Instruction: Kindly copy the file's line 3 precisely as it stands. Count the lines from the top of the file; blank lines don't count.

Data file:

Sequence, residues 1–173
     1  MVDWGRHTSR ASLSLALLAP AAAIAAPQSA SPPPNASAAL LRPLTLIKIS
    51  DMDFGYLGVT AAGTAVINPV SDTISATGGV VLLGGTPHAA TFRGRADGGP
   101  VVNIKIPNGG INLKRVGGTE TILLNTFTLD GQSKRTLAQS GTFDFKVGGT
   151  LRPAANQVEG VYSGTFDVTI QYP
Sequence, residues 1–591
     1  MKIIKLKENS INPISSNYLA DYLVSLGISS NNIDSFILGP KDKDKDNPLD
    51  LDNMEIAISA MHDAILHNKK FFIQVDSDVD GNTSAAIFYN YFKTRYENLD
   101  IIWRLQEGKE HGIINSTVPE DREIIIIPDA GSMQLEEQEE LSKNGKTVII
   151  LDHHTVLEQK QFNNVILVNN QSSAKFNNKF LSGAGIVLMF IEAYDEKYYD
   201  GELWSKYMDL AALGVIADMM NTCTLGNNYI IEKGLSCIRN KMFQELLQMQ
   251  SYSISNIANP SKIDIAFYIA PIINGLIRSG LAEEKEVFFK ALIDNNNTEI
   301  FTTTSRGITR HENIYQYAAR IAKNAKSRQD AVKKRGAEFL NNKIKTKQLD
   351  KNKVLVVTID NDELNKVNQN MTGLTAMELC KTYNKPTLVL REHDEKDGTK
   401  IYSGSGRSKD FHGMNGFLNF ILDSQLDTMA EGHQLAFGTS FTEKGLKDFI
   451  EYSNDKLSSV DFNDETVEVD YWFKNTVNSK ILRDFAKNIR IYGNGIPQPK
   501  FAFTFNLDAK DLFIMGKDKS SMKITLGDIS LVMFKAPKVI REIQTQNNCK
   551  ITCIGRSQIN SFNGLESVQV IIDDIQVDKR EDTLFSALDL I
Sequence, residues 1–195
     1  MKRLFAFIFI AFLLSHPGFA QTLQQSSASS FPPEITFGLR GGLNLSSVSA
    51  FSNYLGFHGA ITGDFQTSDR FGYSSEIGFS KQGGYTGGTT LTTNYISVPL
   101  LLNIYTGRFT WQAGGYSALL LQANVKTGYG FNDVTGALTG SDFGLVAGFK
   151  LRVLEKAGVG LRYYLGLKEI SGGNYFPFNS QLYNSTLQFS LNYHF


    51  DMDFGYLGVT AAGTAVINPV SDTISATGGV VLLGGTPHAA TFRGRADGGP